In 1910, the French pastry chef Louis Durand created the Paris-Brest (above), a ring of golden, puffed choux pastry filled with praline cream, named after a bike race that runs between Paris and the port city of Brest, in northwest France. Claire Saffitz brought us a recipe for this ethereal confection, just in time to cap a spectacular holiday meal.
Ending the year with a dessert named after a race is apropos. By this last week of December, we’ve entered the final stretch in the marathon of feasting that kicks off at Thanksgiving and runs from one holiday party to the next until the Champagne corks fly to announce the end of the old year and the start of the new one. I spent the past week of this lovely sprint celebrating Hanukkah and Christmas with family and dear friends in Los Angeles, where I got to pick Meyer lemons right off the tree. (I felt very lucky to do so, as much of the country dealt with freezing temperatures, high winds and dangerous snowfalls.)
I put those fragrant lemons to good use, whisking them into a bright yellow curd that we ate with Mexican wedding cookies at the end of a holiday dinner. The meal started with Key lime gin gimlets, also made from backyard fruit, then proceeded to rare roast beef, buttery mashed potatoes, roasted spiced cauliflower and a big bowl of garlicky puntarelle for crunchy, green balance. That same menu would work well for a smallish New Year’s Eve dinner.
Larger blowouts, however, call for nibble-friendly finger food. I’m a fan of avocado-topped nachos, maybe alongside a platter of warm ham buns, speckled with poppy seeds and melted Swiss cheese. You can never go wrong with potato chips and caviar dip on New Year’s Eve, or a double batch of shrimp cocktail to feed a crowd. And if the temperatures are still frigid where you are, mugs of hot toddy will warm everyone’s spirits as well as bones.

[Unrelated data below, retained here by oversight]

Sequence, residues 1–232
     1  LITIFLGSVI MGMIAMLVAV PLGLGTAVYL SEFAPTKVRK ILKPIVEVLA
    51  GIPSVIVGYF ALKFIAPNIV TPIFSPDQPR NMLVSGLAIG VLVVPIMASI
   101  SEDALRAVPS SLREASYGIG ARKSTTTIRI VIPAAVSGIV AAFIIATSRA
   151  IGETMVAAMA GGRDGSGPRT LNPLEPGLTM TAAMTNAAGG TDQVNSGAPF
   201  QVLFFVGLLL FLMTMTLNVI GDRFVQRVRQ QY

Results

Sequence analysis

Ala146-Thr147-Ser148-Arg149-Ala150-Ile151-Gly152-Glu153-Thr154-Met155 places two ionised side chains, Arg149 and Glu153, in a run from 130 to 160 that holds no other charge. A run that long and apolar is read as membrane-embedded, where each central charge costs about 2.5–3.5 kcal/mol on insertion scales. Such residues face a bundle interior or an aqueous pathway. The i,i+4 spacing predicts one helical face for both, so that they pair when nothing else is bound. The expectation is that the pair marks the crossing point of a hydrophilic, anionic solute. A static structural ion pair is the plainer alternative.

Maybe a New Year’s Day brunch is more your speed? You could make skillet poached eggs, served with cinnamon crumb cake muffins and a bowl of minty fruit salad. Or start the year off on the right foot with a golden brown Gruyère puff and a side of air-fryer bacon.
You’ll need a subscription for these and any of the other several thousand recipes we have at New York Times Cooking. We are also on YouTube, TikTok and Instagram, where you can learn the step-by-step for making a perfect pot of jollof rice. And for technical help, the smart folks at email@example.com will be there for you.
Now, we lost so many great souls this year, among them the author Elspeth Barker. She was an irresistible eccentric, and her novel, “O Caledonia,” as the author Ali Smith put it in The Times, is “one of the best least-known novels of the 20th century.” I’ve been listening to the audiobook with my daughter, and it’s a dark fable with a hero who dies at the start. I like a dark tale in deep winter. It feels of a piece with the air.
“O Caledonia” was reissued in the United States in 2022, which was a bonanza year for new novels. The New York Times Book Review staffers put together a list of their favorites, and I’d love to hear what books have delighted you this year. I’m at firstname.lastname@example.org. For my part, I’m sure I’ll be spending much of 2023 just reading my way through 2022.
Sam’s back on Friday. I’ll see you next year!